The state controlling the market
The author is a Beijing correspondent of the JoongAng Ilbo.
China is changing rapidly. Under Xi Jinping, a regulation-oriented socialist state is accelerating. The justification is “co-prosperity.” In June, ahead of the centennial of the Communist party, China celebrated the achievement of “xiaokang society,” where basic living is guaranteed, and now co-prosperity has become the next goal. The wind of change is focused here.
The housing speculation ban has been in place for a long time, but recently, enforcement has been strengthened. It is not permitted to make transactions exceeding the amount set by the government’s real estate guideline, and the annual rate of increase is capped at 5 percent.
Private tutoring is banned by the law for educational equity and afterschool academies are shutting down. That’s not all. Salary reform for top executives of state-run corporations has already begun, and high-income celebrities are “ousted” without exception for tax evasion and scandals.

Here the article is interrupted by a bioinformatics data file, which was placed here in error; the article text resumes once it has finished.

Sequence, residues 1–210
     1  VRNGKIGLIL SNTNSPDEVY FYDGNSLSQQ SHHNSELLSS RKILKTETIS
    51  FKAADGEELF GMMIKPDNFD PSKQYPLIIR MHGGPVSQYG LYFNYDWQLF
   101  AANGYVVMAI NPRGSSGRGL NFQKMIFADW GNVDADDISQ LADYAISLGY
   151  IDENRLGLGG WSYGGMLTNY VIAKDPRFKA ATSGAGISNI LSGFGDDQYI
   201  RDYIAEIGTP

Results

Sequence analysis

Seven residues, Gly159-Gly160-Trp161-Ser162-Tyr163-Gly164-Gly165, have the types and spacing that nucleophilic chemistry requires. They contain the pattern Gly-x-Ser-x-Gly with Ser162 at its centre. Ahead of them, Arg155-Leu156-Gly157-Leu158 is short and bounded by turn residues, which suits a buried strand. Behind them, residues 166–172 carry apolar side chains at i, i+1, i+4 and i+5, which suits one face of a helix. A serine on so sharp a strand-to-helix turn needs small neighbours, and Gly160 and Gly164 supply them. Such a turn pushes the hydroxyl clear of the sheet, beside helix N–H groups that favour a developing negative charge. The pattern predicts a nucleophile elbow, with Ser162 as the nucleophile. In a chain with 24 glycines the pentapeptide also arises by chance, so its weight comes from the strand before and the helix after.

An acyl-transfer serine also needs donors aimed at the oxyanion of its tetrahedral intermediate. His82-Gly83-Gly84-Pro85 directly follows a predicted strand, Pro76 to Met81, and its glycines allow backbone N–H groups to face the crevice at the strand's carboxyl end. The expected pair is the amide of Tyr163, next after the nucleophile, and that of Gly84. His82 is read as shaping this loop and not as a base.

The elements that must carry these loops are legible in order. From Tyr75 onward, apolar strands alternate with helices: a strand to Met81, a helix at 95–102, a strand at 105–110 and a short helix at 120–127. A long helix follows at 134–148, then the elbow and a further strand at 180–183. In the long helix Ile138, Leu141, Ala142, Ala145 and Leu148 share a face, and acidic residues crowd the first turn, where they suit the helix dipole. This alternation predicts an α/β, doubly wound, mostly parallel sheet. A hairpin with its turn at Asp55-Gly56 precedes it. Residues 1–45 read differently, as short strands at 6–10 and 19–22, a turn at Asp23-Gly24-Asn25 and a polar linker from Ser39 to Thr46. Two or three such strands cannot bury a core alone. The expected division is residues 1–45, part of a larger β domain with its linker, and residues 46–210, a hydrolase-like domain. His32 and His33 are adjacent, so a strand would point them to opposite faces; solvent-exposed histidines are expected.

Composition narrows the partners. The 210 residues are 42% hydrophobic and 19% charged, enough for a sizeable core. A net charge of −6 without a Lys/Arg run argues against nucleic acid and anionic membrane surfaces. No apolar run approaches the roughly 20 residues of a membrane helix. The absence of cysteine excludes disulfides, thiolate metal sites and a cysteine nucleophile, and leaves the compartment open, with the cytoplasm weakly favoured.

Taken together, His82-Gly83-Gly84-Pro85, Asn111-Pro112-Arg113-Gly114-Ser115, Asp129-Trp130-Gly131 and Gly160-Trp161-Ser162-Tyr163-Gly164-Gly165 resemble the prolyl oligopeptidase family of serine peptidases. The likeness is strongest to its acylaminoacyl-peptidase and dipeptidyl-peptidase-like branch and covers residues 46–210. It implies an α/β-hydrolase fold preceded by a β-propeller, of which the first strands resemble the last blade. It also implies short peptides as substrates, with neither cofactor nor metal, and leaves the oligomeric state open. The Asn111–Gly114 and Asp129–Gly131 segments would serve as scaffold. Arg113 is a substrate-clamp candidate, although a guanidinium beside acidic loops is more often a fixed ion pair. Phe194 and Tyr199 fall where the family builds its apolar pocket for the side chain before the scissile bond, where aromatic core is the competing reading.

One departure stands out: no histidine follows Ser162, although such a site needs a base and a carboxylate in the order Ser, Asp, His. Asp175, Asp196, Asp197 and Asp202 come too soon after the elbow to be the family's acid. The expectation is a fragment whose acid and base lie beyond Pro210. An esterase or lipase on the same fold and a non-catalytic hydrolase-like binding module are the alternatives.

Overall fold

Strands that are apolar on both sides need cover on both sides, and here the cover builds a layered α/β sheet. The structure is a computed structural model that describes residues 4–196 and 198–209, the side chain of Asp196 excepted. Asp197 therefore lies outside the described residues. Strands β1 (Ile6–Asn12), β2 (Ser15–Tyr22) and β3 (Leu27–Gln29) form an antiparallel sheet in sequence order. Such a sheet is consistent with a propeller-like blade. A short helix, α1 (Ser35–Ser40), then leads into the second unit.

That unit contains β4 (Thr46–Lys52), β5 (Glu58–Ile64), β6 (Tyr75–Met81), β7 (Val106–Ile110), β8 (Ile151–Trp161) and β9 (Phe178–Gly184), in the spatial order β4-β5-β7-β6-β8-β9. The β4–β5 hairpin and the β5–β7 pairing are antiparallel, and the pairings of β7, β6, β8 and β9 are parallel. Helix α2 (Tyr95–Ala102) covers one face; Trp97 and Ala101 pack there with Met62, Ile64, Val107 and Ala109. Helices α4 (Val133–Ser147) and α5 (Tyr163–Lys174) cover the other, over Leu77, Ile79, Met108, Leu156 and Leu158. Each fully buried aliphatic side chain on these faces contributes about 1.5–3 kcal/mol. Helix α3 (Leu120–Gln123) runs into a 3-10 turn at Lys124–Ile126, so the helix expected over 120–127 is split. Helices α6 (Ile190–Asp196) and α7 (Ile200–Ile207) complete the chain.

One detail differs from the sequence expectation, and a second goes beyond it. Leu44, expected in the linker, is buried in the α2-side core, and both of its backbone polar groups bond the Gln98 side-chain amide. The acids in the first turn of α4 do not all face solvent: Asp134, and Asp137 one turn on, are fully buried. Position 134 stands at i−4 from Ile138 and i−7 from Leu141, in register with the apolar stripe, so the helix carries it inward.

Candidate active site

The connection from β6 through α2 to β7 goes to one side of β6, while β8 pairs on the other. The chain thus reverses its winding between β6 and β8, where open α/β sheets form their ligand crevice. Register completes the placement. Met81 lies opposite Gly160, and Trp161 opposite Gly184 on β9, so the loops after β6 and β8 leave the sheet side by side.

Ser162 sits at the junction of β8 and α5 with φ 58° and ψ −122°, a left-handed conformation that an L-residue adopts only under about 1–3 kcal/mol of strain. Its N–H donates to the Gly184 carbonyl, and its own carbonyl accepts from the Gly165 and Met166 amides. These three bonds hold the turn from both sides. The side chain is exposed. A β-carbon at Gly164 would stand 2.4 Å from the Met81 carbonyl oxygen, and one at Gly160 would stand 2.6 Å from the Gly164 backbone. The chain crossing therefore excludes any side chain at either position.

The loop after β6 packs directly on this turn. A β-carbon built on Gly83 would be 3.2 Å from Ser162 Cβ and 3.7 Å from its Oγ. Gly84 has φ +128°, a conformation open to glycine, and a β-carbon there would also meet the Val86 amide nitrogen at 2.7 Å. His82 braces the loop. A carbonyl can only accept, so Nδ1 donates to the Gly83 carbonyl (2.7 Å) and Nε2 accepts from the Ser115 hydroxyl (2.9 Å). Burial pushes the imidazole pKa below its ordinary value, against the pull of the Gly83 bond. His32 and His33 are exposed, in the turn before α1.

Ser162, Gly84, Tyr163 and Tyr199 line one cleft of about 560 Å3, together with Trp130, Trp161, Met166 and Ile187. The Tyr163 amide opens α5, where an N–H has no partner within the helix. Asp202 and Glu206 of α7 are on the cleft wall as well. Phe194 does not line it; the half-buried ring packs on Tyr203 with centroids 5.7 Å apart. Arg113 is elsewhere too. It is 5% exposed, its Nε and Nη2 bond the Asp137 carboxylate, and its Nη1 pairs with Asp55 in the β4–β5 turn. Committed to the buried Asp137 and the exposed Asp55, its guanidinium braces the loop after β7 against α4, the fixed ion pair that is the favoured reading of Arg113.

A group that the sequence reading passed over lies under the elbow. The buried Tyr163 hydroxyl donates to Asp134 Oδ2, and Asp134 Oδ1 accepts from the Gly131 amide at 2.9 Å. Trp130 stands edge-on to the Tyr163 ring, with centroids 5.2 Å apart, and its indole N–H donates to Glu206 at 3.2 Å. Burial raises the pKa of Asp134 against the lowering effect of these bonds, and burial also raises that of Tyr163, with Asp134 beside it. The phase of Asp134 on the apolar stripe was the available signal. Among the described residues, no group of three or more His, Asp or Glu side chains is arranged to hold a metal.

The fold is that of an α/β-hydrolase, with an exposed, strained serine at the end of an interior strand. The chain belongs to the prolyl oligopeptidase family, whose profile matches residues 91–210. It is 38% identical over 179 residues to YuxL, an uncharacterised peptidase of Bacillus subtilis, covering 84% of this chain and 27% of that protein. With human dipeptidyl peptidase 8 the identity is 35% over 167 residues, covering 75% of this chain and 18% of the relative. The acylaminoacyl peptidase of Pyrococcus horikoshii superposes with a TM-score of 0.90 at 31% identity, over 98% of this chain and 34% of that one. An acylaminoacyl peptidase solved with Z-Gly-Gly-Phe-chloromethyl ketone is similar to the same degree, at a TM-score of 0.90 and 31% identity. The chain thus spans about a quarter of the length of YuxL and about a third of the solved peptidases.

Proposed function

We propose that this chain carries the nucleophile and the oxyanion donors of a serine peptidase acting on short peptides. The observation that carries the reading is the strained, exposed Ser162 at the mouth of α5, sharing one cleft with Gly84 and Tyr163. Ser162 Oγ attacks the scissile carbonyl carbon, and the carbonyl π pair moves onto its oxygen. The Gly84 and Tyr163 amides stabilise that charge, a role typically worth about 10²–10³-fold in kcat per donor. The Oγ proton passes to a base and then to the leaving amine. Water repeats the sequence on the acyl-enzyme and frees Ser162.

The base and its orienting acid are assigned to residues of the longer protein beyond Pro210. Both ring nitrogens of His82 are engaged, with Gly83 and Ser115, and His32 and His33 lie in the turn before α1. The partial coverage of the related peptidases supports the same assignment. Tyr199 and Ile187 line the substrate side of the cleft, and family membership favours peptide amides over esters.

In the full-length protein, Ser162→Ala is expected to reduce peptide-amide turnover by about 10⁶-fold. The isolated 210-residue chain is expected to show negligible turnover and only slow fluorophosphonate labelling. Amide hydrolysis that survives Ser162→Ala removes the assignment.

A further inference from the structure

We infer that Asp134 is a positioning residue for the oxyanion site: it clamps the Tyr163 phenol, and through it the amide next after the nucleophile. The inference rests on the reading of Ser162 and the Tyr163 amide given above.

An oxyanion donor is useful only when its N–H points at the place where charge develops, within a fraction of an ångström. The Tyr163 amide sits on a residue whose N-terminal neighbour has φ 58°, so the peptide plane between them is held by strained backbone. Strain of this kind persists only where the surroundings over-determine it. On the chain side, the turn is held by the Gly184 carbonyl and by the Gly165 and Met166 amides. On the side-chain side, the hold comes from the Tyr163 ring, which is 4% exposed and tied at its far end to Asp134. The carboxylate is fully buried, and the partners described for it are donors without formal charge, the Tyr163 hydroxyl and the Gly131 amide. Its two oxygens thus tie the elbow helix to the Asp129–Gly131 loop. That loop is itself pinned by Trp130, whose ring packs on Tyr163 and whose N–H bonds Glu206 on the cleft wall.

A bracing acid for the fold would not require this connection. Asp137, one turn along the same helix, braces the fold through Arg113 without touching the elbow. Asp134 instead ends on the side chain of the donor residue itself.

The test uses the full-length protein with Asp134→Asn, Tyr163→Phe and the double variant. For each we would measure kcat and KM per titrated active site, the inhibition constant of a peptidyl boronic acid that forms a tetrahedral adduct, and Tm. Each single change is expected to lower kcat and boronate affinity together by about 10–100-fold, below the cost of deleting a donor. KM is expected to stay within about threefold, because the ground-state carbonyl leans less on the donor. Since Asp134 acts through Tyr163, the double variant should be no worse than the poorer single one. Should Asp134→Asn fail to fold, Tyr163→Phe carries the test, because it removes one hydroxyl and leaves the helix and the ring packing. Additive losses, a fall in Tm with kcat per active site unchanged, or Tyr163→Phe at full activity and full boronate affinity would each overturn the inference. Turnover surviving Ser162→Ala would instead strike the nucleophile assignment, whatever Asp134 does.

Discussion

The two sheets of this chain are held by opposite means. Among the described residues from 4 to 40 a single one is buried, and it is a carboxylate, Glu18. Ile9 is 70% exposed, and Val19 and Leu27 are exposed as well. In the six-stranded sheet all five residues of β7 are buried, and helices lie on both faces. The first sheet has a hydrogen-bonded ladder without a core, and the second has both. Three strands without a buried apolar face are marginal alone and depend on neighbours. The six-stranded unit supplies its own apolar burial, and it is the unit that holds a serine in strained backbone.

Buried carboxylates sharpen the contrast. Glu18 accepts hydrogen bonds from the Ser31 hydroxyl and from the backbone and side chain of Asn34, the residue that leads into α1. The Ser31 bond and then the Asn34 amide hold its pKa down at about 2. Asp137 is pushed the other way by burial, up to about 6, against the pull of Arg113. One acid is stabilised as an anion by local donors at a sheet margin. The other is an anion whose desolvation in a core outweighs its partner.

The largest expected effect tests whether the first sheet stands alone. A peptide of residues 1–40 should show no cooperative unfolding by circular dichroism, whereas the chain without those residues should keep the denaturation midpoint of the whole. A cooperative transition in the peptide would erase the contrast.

Above all, pressure from the authorities on financial capital and private companies has become a “constant,” just as the market feared. Alibaba was fined over 3 trillion won ($2.6 billion), and 34 Chinese IT giants, including Tencent and Meituan, are subject to control. In a socialist economy, neutral rules deciding winners and losers are not allowed. The power of the market is used to attain the state’s goals.
Chinese companies are keeping a low profile as the authorities want to reduce income inequality by preventing leading companies’ “winner-takes-all” structure. Lance Gore, a researcher at the National University of Singapore’s Institute for East Asian Studies, said that China is confident of dominating the market to achieve its goals after observing the merits and flaws of capitalism for decades.
Western media point out that China is going backward. Bloomberg reported that it is deviating from the experience of leading the state to prosperity and that the Chinese economy would suffer in the longer run. In contrast, Chinese state-run media say, “The West is putting a political label and saying that China will fail, but the purpose of regulations is to create a market environment for sustainable development.”
It is impossible to know whether the public actually supports government policies in China. The media and the public opinions are controlled. It is hard to openly oppose government policies in China. Last month, Chinese social media site Weibo made an announcement that it would freeze the accounts of 159,103 users accused of posting inappropriate content.
No one opposes the idea of co-prosperity. But it’s a different story if control is the means. Can China’s experiment of the state controlling the market succeed?